| 1.80 Miles
| Lago Vista
|The Cactus Rocks trailhead. Trail guides are available nearby.|
From Highway 183 in Cedar Park turn south onto FM 1431
and drive for about 14 miles, passing through Lago Vista. On the west side of Lago Vista
look for the Balcones Canyonlands NWR sign on the right and turn onto the gravel road. Drive up
hill on the gravel road for three quarters of a mile and park next to the interpretive
trail guide display.
|The Cactus Rock part of the trail follows along a ridge, just below some rimrock.|
The Balcones Canyonlands National Wildlife Refuge is administered
by the U.S. Fish and Wildlife Service. It's name causes some to confuse it with the
separately administered Balcones Canyonlands Conservation Program. The two efforts share
a common goal of setting aside vital habitat for endangered species, such as the
Golden-cheeked Warbler and the Black-Capped Vireo.
For hikers, the preserve offers an added benefit of some fine hiking opportunities. The
refuge consists of several large tracks of land in western Travis County and eastern Burnet County. The Warbler Vista parcel includes two trails that we connect together for this one hike.
|Only the portions of the trail with a view a couple of others break out of the heavy vegetation.|
Near the waypoint "Trailhead" one can find a display with interpretive trail guides that
provide insight into the geology of the area and the species that make their home here.
Along the trail, markers indicate which numbered section of the guide describes a feature or species present. The markers on this trail are the best I have seen anywhere. They're like a piece of art all it's own.
Our hike heads west on what the refuge calls the Cactus Rocks Trail. It follows a contour near the top of a ridge, just below some rimrock. The trail along the ridge is not terribly uneven, save for a couple of quick descents and ascents to traverse dry gullies. Generally there is plenty of cover provided by Ash Juniper, Spanish Oaks, Live Oaks and even some Shin Oaks.
|The Vista Knoll portion of the trail tends to be rockier and a bit more challenging.|
The name for this trail comes from some cacti that appear to be growing out of large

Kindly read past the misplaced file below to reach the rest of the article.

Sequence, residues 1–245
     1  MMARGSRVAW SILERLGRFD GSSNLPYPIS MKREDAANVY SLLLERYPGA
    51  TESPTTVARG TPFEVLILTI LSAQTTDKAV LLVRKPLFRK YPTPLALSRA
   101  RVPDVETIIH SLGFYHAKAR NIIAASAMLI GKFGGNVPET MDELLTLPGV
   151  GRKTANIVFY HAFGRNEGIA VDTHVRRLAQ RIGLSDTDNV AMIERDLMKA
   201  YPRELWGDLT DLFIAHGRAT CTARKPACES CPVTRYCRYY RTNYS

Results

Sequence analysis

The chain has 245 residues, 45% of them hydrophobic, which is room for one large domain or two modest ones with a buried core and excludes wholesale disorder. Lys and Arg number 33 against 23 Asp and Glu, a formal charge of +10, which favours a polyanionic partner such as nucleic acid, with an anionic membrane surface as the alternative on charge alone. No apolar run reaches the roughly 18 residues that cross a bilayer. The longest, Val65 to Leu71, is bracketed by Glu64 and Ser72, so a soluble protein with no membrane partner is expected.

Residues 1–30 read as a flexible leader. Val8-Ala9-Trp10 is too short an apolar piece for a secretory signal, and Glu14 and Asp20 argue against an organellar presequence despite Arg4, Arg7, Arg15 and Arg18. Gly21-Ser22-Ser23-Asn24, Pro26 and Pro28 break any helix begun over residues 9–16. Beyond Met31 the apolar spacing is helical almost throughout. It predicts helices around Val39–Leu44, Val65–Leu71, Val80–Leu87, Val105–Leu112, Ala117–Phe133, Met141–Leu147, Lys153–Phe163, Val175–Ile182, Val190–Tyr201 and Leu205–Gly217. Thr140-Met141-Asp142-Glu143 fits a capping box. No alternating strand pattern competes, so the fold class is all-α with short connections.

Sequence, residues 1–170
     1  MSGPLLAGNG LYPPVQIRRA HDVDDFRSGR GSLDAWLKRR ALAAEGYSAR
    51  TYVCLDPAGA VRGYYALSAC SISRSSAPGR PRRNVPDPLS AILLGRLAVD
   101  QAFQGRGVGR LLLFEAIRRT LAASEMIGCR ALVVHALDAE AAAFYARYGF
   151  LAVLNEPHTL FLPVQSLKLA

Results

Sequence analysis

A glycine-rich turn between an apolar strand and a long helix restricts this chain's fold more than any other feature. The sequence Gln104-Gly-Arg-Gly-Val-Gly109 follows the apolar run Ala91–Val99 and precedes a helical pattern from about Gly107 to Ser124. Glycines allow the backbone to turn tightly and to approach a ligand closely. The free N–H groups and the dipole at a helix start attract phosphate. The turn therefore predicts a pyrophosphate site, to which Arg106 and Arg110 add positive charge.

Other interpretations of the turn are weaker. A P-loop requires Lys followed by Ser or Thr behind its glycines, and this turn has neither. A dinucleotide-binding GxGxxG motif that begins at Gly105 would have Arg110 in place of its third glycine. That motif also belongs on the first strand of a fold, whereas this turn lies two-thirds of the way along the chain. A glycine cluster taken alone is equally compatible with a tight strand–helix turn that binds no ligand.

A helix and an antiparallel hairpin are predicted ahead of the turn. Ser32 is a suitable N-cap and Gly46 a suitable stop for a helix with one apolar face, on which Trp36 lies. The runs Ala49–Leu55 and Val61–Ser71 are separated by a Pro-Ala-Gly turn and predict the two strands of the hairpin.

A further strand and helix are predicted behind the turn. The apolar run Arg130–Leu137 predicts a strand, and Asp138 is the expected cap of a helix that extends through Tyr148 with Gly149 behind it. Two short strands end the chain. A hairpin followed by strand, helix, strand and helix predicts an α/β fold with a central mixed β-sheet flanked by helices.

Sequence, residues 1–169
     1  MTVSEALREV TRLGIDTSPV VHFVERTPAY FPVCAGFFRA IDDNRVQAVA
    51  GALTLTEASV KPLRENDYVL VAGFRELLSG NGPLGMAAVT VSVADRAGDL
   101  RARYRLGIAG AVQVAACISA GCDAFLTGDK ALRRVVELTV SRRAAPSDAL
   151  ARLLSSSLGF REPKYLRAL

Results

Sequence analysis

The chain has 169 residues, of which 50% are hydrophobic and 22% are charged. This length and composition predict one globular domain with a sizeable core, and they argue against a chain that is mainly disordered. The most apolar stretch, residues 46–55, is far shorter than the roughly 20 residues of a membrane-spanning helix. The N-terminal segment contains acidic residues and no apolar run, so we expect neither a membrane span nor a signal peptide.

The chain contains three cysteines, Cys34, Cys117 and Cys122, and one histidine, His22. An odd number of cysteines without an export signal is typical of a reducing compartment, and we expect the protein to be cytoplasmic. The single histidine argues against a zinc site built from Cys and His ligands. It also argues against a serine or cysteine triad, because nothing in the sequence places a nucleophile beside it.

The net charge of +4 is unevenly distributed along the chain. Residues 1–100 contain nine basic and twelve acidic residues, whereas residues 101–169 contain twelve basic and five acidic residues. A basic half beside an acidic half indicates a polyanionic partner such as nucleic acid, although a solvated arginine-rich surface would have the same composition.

limestone boulders. Actually, the fractured, pitted and uneven surface of the rock allows the collection of enough soil to support some plants, including cactus, which can be seen near the interpretive guide station number 8.
Approximately half a mile into the hike the trail intersects what the refuge calls the
Vista Knoll Trail, a 1.2 mile balloon route that starts at the "Alt Trailhead" waypoint.
Turn to the left and head south to get great views of Lake Travis and the hillcountry.
|The loop trail almost encircles a small hill, providing views from many angles.|
The Vista Knoll portion of the hike is a bit more challenging that Cactus Rocks as it
descends down a backbone ridge and back up to the knoll from which the trail derives its
name. There's rockier terrain here and less tree cover, both of which help contribute to
it's spectacular views.
The waypoint "View" at the southern-most tip of the knoll loop marks the best location
for sightseeing. The spot provides a wide vista showing miles of hillcountry punctuated
by a twisting Lake Travis in the distance.
|Lake Travis can be seen in the distance, winding its way through the hillcountry.|
Completing the loop and doubling back to the original trailhead will result in a hike of
just under 2 miles. Proceed quietly down the trail and you might happen upon some of the
wildlife to be found in the refuge. On our visit we observed White tail deer,
butterflies, dung beetles, a lizard hunting moths in the leaf litter, and a baby praying
mantis, which I had never seen before. Unfortunately we made no sightings of the birds
for whom the preserve was created.
FM 1431 provides easy access to the refuge, but it also presents something of a mild
nuisance. The traffic zooming by at high speeds create noise that is never truly
overwhelming, but never totally absent. Less noise and fewer reminders of civilization
so near by would make this hike almost ideal for a short and easy stroll through the
Warbler Vista in the misty morning
[View Log Page]
Distance: 3.90 Miles
Hiked all of the available trails at Warbler Vista Sunday morning:
Cactus Rocks Trail - 0.6 mile out
Vista Knoll Trail - 1.2 mile loop
Ridgeline Trail to Sunset Deck - 0.75 miles out
Sunset Deck to Ridgeline Trail - 0.75 miles back
Cactus Rocks Trail - 0.6 mile back
Total - 3.9 miles
I was not being stealth as I was out for exercise but still saw one Golden Cheeked Warbler.
The Vista Loop showed lots of different scat but didn't see any mammels.
This was my first time here. It was worth doing and I will do it again.